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Hillary Clinton Camp Now Begging For Donations To Stop Donald Trump
Faced with sagging fundraising numbers, Hillary Clinton’s presidential campaign admitted it was wrong in assuming GOP nominee Donald Trump couldn’t possibly win a general election contest, and that it needs a cash infusion to move beyond a bruising primary and take on the mogul. Clinton campaign manager Robby Mook told supporters in an email that the campaign took for granted that donations would pick up once a Clinton-versus-Trump November matchup became certain. Instead, the campaign says fundraising numbers in May have dropped, and the Clinton operation’s assumption that voters would reject Mr. Trump have been proven wrong. Washington Times

Mitch McConnell Has Some Advice For Donald Trump
Senate Majority Leader Mitch McConnell offered some advice Monday for the presumptive GOP presidential nominee. In an interview on "CBS This Morning," the Kentucky Republican was asked what he would like to see Donald Trump do differently as the 2016 race shifts toward the general election. "I'd like to see a more studious approach," said McConnell, who suggested that Trump should use prepared texts more to deliver speeches instead of delivering them off-the-cuff. CBS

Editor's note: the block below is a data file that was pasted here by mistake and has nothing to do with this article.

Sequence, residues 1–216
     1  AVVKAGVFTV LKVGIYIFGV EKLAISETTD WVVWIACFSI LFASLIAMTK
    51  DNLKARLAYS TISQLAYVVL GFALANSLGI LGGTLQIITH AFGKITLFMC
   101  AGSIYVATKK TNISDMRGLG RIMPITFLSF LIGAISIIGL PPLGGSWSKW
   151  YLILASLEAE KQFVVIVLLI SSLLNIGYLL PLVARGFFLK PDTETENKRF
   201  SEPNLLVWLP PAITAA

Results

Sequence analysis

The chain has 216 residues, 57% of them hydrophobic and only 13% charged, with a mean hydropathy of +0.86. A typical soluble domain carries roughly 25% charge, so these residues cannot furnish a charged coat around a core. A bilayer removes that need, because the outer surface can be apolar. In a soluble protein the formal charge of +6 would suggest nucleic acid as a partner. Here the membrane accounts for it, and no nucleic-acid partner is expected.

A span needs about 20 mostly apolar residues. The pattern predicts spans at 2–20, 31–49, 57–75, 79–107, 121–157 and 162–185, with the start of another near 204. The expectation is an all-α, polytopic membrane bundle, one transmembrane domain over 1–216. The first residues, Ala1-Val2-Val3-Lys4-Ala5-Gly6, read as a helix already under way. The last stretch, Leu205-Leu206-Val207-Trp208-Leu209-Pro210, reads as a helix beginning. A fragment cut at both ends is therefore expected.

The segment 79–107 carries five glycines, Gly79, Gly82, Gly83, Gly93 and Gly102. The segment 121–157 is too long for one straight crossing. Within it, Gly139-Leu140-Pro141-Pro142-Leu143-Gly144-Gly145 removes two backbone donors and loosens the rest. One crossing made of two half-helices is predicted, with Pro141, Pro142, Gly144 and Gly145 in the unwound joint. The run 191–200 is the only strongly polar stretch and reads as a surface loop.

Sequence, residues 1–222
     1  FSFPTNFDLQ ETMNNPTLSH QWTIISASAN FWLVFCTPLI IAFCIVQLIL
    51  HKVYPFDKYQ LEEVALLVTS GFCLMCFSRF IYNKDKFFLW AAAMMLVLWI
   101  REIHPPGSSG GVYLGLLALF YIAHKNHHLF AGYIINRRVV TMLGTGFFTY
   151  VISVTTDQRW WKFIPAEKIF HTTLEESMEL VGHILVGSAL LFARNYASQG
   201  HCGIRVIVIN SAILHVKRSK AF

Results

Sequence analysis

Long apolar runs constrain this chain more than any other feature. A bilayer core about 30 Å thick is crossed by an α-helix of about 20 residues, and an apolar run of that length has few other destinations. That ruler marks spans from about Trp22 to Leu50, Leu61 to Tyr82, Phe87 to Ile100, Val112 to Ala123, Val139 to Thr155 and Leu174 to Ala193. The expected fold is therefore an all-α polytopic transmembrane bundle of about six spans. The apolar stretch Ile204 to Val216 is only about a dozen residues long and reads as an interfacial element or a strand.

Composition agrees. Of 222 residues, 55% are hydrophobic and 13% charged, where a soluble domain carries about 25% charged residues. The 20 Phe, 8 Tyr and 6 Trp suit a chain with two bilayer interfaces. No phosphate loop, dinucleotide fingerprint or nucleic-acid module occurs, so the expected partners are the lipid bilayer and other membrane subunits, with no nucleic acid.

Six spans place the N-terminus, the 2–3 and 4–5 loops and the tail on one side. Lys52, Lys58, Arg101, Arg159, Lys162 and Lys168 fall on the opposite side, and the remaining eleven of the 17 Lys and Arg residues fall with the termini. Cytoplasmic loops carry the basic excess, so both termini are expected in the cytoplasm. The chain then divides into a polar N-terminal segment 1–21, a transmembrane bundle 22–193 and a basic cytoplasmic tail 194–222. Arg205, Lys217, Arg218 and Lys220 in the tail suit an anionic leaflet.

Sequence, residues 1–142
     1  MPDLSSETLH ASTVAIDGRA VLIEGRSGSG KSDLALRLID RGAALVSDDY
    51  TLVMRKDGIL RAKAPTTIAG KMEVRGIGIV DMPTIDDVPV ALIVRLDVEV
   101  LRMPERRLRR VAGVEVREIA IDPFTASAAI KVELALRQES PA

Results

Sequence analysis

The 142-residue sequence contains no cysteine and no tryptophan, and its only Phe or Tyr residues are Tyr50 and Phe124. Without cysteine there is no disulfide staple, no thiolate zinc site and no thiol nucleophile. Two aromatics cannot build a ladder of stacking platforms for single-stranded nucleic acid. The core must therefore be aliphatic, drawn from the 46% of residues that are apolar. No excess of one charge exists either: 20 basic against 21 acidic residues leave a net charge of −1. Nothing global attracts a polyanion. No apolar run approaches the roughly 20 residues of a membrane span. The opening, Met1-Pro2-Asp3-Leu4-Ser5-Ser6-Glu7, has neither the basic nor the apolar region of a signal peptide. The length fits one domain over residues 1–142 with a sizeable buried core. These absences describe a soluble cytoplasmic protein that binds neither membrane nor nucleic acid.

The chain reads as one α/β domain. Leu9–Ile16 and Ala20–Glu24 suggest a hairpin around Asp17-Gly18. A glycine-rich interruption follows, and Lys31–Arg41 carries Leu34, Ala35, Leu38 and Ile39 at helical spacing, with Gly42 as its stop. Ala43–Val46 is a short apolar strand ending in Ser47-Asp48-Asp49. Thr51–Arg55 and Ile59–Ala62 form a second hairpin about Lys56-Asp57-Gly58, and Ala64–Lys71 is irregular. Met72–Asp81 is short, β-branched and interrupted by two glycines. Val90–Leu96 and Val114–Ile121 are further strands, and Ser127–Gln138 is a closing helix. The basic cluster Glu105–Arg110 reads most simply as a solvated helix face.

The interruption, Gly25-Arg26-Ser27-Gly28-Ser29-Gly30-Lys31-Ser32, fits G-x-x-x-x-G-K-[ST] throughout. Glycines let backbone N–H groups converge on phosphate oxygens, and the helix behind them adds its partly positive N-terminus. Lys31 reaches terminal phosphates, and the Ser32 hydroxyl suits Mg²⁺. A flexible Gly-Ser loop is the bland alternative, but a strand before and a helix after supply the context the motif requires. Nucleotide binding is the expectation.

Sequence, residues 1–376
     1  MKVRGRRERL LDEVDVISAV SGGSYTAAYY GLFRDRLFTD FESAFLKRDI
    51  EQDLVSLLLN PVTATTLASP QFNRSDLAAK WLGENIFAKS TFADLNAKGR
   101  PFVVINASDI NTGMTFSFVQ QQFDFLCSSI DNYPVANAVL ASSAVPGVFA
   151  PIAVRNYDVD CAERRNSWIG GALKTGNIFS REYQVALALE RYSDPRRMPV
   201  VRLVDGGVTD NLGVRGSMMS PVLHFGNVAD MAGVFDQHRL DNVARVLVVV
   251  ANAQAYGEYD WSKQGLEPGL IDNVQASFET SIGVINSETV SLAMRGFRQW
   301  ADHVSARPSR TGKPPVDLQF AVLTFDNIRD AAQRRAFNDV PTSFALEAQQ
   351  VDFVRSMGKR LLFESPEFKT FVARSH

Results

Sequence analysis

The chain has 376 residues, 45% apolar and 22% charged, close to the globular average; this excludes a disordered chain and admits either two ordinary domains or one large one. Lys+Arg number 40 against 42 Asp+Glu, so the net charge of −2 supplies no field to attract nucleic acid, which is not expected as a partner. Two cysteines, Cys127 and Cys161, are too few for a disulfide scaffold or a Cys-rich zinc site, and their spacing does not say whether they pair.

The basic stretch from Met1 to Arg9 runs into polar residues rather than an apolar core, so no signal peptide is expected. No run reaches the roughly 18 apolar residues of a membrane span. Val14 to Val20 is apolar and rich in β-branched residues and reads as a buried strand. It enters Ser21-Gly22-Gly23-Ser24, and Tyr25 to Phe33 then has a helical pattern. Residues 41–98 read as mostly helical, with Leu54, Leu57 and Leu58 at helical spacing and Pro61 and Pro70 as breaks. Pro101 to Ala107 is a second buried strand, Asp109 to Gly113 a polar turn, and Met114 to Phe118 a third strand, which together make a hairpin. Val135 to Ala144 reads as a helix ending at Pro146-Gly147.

Donald Trump Promises Accounting Of Donations For Vets Fundraiser Tuesday
Donald Trump is expected to provide a full accounting of the Trump Foundation's donations to veterans' groups on Tuesday. He told a Washington rally that an announcement about the donations would be made Tuesday, after telling reporters in North Dakota last week that there would be a news conference Tuesday morning. The presumptive GOP nominee is expected to clear up how much the campaign raised in January at a veterans' fundraiser it organized when he skipped a GOP presidential debate. After the Washington Post pressed Trump to clarify how much has been given to veterans' groups from that event, the billionaire businessman fulfilled his promise to give $1 million of his own money to a charity for veterans. CBS